The following conversation between ARID Coeditor Andrea Polli and Libby Lumpkin, Professor of Art History at the University of New Mexico and Curatorial Consultant of High Desert Test Sites, was conducted in 2013. Transcribed by Kevin Bott.
Andrea Polli: What got you initially involved in the High Desert Test Sites (HDTS)?
Libby Lumpkin: Andrea [Zittel] called and asked me if I would be involved. This was some two or three years ahead of the time it took place, which is, of course, how that goes—and I would say anything [she asks] I would want to be a part of, so I was very happy to make whatever small contribution I made to the overall massive effort that went into this project.
[It was] the first time that the locations were spread out beyond Joshua Tree—and I thought that was a really great idea. It ended in Albuquerque because this is where I am, so… Here’s what I like about Andrea: first of all, she seems to get the special character of the West—the vast spaces, the different kind of culture—and I consider Andrea a great artist, but also a visionary. A lot of the projects she supports really have nothing to do with her aesthetic particularly, but what she does seem to get—and I think the reason she got herself to Joshua Tree—is that this special character of the landscape in the West is different from other landscapes, and that means culturally as well as visually.
Now, the land artists certainly recognized the value of going into the Western states to create these broad works, works like nothing that had ever been seen before. History that utilized the vast landscapes as part of the art works. I’m talking, of course, about Robert Smithson’s Spiral Jetty, Michael Heizer’s Double Negative and City, and James Turrell’s Roden Crater, and I would even stretch it over to Marfa, Texas. I think that Don Judd was one of the first to really recognize the special character of the landscape and how that interacted with his minimalist art. Oh, and also Walter De Maria’s Lightning Field of course!
The other part about the fact that I like her recognition—I mean, I see her whole project in Joshua Tree as recognition that the different culture and different landscape should and can generate different kinds of art. Certainly that’s true of the land arts. But it’s more than that—it’s more how you live as an artist and I think that’s keenly reflected in Andrea’s own art, in the kind of off-the-grid, compact-living, mobile aspects of her own works. They come right out of that isolation, but at the same time, there’s no desert, there’s no cacti [chuckles] depicted in her work. It’s the character of the weird, desert-rat feel, in this great crazy, Western world, that you can see in her work without actually seeing it. I’ve always appreciated that about her work, and the fact that she wants to generate that as a kind of community.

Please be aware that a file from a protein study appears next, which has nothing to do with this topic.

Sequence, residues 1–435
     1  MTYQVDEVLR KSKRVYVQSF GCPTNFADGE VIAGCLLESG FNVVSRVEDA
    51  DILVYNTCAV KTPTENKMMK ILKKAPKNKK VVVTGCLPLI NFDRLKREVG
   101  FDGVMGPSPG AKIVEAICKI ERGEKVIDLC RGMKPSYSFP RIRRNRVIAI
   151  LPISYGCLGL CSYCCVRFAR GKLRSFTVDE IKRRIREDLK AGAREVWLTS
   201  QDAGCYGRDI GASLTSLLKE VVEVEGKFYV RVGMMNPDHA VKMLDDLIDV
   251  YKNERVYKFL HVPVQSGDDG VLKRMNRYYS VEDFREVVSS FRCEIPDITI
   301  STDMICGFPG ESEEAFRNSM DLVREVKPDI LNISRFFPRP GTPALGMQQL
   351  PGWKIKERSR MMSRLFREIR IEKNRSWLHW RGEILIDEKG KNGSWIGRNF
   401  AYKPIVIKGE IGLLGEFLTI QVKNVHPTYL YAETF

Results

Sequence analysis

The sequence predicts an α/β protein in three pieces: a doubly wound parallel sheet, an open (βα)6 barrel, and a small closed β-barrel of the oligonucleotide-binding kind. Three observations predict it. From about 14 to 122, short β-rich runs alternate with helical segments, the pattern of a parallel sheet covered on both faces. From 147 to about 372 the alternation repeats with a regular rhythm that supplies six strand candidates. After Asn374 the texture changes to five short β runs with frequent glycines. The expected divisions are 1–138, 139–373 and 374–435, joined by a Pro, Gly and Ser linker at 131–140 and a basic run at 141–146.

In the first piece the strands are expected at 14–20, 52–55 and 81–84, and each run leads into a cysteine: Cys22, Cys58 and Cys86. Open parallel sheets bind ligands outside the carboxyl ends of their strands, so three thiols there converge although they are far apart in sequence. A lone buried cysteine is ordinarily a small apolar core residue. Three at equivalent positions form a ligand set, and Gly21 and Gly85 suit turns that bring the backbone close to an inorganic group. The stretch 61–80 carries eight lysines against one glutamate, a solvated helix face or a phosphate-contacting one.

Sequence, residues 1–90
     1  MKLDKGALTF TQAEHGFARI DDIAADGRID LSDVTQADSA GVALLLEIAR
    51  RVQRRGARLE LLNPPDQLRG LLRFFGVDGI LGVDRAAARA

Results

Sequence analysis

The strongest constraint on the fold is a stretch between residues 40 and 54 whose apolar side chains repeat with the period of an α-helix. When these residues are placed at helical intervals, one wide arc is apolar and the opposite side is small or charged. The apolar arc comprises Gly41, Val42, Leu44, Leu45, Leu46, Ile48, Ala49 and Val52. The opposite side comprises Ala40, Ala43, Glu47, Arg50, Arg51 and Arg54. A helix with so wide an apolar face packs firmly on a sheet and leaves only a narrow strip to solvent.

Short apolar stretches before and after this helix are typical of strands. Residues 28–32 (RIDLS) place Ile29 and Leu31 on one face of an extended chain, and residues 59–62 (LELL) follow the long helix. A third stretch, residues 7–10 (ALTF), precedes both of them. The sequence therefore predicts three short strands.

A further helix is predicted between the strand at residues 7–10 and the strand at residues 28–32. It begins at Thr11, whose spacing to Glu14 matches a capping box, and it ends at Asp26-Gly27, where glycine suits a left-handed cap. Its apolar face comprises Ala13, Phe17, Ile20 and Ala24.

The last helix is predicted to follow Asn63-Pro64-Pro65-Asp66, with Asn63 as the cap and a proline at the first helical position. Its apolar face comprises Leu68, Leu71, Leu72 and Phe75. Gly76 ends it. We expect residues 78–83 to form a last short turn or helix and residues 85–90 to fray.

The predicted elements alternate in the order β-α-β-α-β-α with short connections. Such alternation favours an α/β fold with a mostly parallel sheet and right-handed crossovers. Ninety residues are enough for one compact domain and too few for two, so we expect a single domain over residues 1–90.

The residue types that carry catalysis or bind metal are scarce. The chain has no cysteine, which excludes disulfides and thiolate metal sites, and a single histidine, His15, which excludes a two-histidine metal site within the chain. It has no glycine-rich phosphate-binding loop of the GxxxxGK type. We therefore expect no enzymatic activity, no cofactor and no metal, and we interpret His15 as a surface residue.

At the same time, this project is also to collect all these people along the way, and create a community as best as any community is going to be, out in the West. When I lived for a little bit of my childhood in Santa Angelo, Texas, it was like, well, you want to go see Sally on her ranch, you drove an hour across absolutely nothing, and thought nothing of it! It’s the question of being isolated and then trying to create a community of isolated people. Very different. Will something important come out of it? Well, maybe Andrea’s work is part of something important that’s come out of it. I’d say that it’s already happening. There has to be something more than land art.
When you think of the New York art scene, it is a very social scene. And by that I mean all the good and the bad, the collectors and the museums, and all of those things tightly wound into a very small square-foot area, and that kind of culture has produced amazing, amazing things. So whatever gets produced out West—let’s say you do have a community—and I say that community exists largely in the imagination. It’s not like we’re down at Max’s arguing about art theory all day, because it just can’t happen in the West—and indeed, even in Albuquerque.
I live, for example, in Santa Fe; sometimes that kind of communication is just a matter of understanding and knowing you live there, and what kind of person you are. I felt like it was not like the kind of group show that emerges out of a group of young artists, or the something that would happen out in New York, but a collection of individuals down the road. That’s really different! It’s a different way of thinking about art, and I think that whatever ultimately develops out West, it will be different from what develops in busy, urban populations. Something good is coming out of it—something great comes out of it—and Andrea’s goal is, as I understand it, to respect all of the crazy things that people do out in the desert [laughter].